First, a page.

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SMDBill    11

I've been lactose intolerant since birth. If lactose is the problem, have you tried switching him to Lactaid? I'm not a fan of white milk but to me, Lactaid tastes nearly identical. I use it daily now that I have celiac in order to start the healing. Is he lactose intolerant or can he process smaller amounts of lactose? It really depends on the condition. Milk causes severe D in me so I know when I have it that I'll pay the price. Lactaid has nearly solved that and I have not yet cut out milk in products, such as candy or baked goods. I use lactaid in mashed potatoes and other baked things that I make myself, but I still ingest if something has milk within it. The small amounts seem to not create an issue, but a glass of milk causes major problems.

Can you try cutting him down and substituting where possible? Have him try Lactaid? I drink a glass of milk every day and Lactaid was the answer. Soy was nasty to me and I couldn't adjust. Almond milk was ok. Lactaid was my answer, but others prefer the other varieties so you could experiment until you find his preference.

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As far as I can tell, he has NO problem with milk whatsoever. He drinks at least a couple of glasses everyday, has it on his cereal (now gluten free) and loves cheese. I would only remove it from his diet if I had to! I am anxious for him to start growing and if this helped him, we definitely would give it a try.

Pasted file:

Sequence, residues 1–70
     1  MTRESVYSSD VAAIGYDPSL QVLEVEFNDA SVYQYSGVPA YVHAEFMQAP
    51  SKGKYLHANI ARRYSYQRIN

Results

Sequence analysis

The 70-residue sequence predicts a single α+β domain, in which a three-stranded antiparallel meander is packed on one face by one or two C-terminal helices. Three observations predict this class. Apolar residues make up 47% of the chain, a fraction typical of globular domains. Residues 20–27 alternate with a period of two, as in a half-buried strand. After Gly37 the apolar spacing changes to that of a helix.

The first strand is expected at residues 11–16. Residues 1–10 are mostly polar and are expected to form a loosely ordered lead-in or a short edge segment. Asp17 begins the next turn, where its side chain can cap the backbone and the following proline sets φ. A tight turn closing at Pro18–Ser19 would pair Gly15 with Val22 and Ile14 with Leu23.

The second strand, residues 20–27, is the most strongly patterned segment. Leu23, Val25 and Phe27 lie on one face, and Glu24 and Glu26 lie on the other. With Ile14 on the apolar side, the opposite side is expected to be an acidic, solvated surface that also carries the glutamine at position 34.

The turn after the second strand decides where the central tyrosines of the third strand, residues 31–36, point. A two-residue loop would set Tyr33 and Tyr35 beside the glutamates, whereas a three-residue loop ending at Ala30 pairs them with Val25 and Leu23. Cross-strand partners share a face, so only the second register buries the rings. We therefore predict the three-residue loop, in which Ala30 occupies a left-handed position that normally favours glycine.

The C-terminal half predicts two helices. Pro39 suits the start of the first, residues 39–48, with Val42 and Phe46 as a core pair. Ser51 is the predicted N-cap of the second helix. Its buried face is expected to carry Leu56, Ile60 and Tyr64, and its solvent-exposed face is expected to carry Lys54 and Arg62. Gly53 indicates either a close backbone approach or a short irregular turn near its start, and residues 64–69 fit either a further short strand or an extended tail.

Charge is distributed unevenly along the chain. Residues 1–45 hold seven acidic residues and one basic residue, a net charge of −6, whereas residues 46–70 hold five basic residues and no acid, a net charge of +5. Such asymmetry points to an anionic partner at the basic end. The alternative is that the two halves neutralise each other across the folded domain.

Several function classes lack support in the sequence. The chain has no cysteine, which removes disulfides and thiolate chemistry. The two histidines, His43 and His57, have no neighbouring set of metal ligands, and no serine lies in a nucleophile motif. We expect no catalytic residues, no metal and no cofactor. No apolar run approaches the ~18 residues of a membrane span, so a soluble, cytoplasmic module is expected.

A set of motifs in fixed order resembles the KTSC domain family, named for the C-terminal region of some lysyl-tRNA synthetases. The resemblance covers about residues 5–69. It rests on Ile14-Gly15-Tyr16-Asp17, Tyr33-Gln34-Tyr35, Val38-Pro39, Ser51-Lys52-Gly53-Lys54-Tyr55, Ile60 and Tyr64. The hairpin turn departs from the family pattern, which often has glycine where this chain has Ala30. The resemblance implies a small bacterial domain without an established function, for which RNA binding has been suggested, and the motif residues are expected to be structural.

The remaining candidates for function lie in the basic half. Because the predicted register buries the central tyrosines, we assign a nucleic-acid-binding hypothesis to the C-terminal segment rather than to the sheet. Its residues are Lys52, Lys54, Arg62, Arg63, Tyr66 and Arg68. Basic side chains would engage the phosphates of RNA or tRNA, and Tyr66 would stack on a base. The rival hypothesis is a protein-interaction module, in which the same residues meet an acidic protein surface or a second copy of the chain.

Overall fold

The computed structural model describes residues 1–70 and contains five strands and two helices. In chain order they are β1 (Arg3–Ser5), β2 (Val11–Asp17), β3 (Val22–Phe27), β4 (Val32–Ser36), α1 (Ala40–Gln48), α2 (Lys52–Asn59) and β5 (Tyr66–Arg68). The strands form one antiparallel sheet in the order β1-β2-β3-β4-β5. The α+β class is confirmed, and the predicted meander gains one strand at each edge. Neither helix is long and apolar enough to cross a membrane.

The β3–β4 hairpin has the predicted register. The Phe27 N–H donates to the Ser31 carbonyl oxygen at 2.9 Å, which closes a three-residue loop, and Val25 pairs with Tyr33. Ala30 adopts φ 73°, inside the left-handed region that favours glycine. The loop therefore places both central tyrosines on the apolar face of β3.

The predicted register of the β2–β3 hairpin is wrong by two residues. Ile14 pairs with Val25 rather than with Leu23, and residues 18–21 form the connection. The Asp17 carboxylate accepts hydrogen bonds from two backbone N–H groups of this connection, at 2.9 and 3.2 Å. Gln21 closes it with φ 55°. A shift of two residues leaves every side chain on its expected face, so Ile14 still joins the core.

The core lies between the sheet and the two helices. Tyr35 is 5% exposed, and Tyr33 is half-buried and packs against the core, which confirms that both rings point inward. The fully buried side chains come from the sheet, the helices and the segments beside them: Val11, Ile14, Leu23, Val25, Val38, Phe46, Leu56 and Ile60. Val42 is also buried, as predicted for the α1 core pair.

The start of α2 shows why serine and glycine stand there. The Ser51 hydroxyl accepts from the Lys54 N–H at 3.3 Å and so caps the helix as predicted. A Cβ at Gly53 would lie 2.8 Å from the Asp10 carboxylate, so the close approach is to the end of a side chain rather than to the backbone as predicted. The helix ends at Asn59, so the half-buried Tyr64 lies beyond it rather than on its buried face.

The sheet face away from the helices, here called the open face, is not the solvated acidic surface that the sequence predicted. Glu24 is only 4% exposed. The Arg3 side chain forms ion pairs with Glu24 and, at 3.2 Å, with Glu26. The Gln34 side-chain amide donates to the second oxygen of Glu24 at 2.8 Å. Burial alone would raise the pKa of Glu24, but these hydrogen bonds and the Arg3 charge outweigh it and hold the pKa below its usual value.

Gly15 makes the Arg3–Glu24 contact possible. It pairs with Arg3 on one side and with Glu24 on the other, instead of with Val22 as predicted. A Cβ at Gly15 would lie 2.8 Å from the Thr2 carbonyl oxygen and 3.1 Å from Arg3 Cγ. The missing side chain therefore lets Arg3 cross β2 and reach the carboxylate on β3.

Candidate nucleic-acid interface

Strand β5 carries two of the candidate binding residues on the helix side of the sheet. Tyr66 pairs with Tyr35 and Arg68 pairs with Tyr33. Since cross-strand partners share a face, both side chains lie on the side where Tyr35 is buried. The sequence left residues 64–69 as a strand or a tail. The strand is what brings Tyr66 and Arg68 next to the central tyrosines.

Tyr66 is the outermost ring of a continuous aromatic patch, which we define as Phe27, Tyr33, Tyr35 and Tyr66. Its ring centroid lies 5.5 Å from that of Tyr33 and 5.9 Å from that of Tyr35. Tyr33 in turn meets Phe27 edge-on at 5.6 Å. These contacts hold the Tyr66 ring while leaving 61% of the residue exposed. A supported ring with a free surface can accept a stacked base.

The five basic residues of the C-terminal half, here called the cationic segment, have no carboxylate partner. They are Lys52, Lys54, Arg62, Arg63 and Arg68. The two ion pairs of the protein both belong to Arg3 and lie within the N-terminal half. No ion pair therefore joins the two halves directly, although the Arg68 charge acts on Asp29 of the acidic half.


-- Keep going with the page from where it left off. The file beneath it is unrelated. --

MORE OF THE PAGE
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SMDBill    11

Lactaid does not taste similar at all >_< Waaaaay too sweet and watery and tastes off.

I must be a lucky one because I'm guessing my lactose intolerance kept me away from milk long enough to not remember exactly how pure white milk should taste. I gulped some Lactaid down last night and it met my memory of how milk used to be, but that memory is probably skewed from reality from the years of passing up milk. I drank the 2% variety and I'm not sure I could handle the taste of whole or skim.

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Mary5757    1

Hi, I asked my dr a similar question. The milk does not cause further damage or slow down the repair but if they develop temporary lactose intolerance it will just create discomfort and it will be hard to tell if they are getting better. My daughter is currently lactose intolerant, if she consumes dairy she gets really fussy and irritable and uncomfortable. If your son seems to tolerate it fine then there is no need to remove it from his diet. The milk isn't causing the damage, it's just so hard to digest that those with a lot of damage experience pain when drinking it. Once the gut is healed the pain goes away (in some/many cases but not always). Good luck! I wasn't seeing much improvement on my daughter, but once I cut out dairy I noticed a lot of improvement. If you are noticing improvement without cutting dairy I'd keep it. No gluten and no dairy is hard!